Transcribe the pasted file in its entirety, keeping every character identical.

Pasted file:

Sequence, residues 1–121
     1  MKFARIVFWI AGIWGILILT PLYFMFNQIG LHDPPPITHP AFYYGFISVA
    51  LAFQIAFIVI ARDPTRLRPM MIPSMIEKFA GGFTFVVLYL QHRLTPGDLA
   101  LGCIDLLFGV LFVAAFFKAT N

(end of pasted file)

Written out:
Sequence, residues 1–121
     1  MKFARIVFWI AGIWGILILT PLYFMFNQIG LHDPPPITHP AFYYGFISVA
    51  LAFQIAFIVI ARDPTRLRPM MIPSMIEKFA GGFTFVVLYL QHRLTPGDLA
   101  LGCIDLLFGV LFVAAFFKAT N